CARSON CITY — Some Nevada Republicans believe Las Vegas can and should compete with Kansas City, Mo., and other potential suitors to host the 2016 Republican National Convention.
With 150,000 hotel rooms, a busy international airport and more than 3 million square feet of convention space, Las Vegas could easily handle the 50,000 attendees of the 2012 GOP convention in Tampa, Fla.
But several hurdles need to be cleared, including meeting a local fundraising commitment to the tune of tens of millions of dollars and addressing the fact that the Thomas & Mack Center is not up to snuff for the events, said Dan Schwartz, finance chairman for the Nevada State Republican Party.
“We’re exploring it,” he said. “We’ve done a lot of work. If we get it, it would be a huge deal.”
There is also the question of whether the city can convince the Republican National Committee that Las Vegas, with its reputation for gambling, drinking and adult-themed attractions, can provide the image the party is looking for in 2016, he said.
“It is a challenge, but it is also an opportunity,” Schwartz said.
Hosting the convention, an idea being pushed by state Chairman Michael McDonald, would be a great opportunity to show the nation and world there is more to Las Vegas and Nevada than the neon and slot machine clichés and perceptions held by those who don’t know the real Silver State, he said.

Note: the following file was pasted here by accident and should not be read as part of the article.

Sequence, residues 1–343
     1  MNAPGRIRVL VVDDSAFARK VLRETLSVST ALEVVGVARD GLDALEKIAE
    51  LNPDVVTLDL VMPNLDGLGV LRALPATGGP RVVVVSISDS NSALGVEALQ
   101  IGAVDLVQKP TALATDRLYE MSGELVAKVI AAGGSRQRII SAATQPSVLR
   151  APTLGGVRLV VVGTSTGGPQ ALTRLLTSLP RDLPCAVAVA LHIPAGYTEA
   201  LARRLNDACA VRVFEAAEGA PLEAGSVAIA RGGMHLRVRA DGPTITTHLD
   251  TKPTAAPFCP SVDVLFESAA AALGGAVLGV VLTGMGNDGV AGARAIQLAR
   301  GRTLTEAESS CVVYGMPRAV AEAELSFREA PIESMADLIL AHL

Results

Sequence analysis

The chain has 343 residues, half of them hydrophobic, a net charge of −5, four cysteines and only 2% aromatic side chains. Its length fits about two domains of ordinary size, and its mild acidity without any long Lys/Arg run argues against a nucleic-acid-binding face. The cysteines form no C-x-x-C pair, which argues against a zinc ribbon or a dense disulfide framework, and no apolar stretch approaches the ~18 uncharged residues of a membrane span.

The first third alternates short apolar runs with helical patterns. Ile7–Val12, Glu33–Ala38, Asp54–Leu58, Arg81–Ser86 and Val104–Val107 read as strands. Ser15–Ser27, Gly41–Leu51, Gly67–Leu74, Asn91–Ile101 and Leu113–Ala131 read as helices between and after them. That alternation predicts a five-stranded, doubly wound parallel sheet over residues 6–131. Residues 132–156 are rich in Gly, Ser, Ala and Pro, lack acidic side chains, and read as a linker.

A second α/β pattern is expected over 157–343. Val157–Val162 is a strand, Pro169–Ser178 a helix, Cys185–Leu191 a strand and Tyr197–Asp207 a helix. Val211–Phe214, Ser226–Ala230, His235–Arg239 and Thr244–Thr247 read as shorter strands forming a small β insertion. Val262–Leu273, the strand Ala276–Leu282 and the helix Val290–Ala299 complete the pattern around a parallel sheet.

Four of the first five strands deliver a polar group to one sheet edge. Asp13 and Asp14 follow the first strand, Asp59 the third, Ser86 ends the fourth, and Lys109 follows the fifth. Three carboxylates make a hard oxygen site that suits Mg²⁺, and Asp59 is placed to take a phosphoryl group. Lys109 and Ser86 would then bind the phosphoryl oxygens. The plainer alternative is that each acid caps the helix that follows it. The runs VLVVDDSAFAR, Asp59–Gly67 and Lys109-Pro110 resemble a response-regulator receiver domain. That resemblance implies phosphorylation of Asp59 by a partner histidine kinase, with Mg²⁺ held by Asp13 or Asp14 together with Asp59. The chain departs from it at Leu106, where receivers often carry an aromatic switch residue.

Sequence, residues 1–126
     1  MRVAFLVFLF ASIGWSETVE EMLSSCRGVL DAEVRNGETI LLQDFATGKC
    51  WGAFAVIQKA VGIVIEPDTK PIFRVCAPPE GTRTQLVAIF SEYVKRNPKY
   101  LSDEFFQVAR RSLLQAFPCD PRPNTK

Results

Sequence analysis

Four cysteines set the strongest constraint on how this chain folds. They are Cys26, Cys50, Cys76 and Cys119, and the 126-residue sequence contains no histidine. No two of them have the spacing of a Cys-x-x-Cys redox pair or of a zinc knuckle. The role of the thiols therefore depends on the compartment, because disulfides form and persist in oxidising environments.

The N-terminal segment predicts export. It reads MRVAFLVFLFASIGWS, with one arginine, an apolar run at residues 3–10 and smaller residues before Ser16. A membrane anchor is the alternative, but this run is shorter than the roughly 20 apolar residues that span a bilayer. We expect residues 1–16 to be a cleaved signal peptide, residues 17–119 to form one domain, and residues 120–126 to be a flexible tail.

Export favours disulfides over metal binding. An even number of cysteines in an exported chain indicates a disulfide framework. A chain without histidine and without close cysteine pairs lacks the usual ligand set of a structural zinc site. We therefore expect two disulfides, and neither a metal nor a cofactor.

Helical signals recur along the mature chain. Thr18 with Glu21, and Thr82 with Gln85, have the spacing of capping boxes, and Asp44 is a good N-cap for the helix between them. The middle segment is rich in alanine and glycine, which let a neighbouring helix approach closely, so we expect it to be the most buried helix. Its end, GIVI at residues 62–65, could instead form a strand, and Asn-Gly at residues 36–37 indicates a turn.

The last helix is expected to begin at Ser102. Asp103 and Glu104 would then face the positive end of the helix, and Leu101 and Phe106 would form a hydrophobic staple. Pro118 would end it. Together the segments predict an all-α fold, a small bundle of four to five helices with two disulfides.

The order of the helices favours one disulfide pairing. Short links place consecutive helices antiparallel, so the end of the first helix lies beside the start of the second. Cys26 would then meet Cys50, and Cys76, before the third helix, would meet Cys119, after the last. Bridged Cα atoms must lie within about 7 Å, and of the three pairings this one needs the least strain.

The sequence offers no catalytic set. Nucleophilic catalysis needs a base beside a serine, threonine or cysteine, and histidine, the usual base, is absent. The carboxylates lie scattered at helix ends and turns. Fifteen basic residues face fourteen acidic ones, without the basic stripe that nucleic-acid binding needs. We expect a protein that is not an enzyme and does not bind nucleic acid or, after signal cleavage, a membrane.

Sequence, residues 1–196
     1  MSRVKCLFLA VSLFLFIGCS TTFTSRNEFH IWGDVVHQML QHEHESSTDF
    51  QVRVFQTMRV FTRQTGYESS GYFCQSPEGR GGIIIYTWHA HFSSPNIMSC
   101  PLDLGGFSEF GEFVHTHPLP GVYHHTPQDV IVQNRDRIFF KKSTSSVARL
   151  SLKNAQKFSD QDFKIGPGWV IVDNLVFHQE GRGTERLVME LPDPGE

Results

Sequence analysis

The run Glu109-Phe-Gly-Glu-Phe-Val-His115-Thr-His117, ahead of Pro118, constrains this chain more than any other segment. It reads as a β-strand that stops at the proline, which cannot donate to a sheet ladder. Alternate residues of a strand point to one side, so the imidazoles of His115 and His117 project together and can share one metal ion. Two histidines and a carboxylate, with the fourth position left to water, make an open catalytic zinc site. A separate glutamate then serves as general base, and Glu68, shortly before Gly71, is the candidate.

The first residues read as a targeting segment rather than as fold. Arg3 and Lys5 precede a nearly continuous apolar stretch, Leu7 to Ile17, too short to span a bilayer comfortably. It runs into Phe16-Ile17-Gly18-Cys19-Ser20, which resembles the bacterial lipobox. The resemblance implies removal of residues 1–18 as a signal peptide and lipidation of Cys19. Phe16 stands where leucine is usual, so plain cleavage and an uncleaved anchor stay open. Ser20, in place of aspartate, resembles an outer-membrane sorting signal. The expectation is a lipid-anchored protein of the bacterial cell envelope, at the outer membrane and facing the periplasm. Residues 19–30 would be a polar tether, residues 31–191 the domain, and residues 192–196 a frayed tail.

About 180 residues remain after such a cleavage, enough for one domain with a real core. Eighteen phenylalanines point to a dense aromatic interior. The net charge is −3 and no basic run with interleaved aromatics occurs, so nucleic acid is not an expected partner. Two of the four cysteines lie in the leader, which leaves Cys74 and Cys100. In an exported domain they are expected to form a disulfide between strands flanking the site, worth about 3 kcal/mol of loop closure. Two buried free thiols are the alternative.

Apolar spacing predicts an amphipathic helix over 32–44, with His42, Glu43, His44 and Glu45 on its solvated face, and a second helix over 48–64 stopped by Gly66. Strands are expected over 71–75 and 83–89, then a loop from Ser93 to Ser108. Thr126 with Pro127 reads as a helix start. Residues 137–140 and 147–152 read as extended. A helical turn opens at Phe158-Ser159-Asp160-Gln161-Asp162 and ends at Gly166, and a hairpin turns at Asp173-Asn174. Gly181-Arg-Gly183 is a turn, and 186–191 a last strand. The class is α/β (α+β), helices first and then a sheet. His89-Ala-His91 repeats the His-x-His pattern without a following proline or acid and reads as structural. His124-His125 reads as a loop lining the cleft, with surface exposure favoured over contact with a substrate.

The idea of hosting the convention has gotten a positive reaction from members of the RNC in meetings with McDonald and from Las Vegas Sands CEO Sheldon Adelson, Schwartz said.
But Adelson’s support has not yet reached the point at which a financial commitment has been made, he said.
A representative for Adelson could not be reached for comment.
If state Republicans decide to move forward, a host committee would be named by September to pursue the convention, Schwartz said.
The estimated local financial commitment would be in the $55 million range, with $10 million or more coming from Adelson, he said. Other funding would come from the federal level, bringing the total financial commitment to about $125 million, Schwartz said.
But the Thomas & Mack on the UNLV campus remains a stumbling block, he said. It is inadequate in its current condition to host the premier events of a national convention, and at least $10 million probably would have to be spent to make it usable, Schwartz said. The arena has 30 luxury suites, but 80 would be needed for the convention, he said.
An alternative would be a new, $300 million arena, but there was no movement in the Nevada Legislature to pursue such a project, he said.
MGM Resorts International this year announced plans to build a privately funded, 20,000-seat indoor arena behind the New York-New York and Monte Carlo resorts.
Salt Lake City and New Orleans are also looking at seeking the convention, but Schwartz views Kansas City as the chief competitor.
Review-Journal writer Laura Myers contributed to this report. Contact Capital Bureau reporter Sean Whaley at firstname.lastname@example.org or 775-687-3900.